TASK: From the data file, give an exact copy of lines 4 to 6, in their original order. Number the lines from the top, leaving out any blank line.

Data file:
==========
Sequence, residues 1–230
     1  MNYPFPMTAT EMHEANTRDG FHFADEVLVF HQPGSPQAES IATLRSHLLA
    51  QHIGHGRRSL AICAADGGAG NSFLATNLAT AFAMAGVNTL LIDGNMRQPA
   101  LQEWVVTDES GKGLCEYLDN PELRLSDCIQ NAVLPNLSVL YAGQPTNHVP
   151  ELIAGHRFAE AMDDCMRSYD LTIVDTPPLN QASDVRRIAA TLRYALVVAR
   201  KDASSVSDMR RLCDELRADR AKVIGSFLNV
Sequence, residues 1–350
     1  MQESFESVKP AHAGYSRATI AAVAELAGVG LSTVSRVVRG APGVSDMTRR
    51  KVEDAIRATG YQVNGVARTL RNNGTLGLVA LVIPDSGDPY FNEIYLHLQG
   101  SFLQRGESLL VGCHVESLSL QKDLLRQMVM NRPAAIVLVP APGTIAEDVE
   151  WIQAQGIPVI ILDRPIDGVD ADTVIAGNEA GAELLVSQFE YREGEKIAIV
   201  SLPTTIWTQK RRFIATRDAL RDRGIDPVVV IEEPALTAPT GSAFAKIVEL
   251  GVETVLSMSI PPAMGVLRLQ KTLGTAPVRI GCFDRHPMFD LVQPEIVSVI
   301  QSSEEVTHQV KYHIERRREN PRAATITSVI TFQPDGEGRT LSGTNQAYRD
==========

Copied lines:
   101  LQEWVVTDES GKGLCEYLDN PELRLSDCIQ NAVLPNLSVL YAGQPTNHVP
   151  ELIAGHRFAE AMDDCMRSYD LTIVDTPPLN QASDVRRIAA TLRYALVVAR
   201  KDASSVSDMR RLCDELRADR AKVIGSFLNV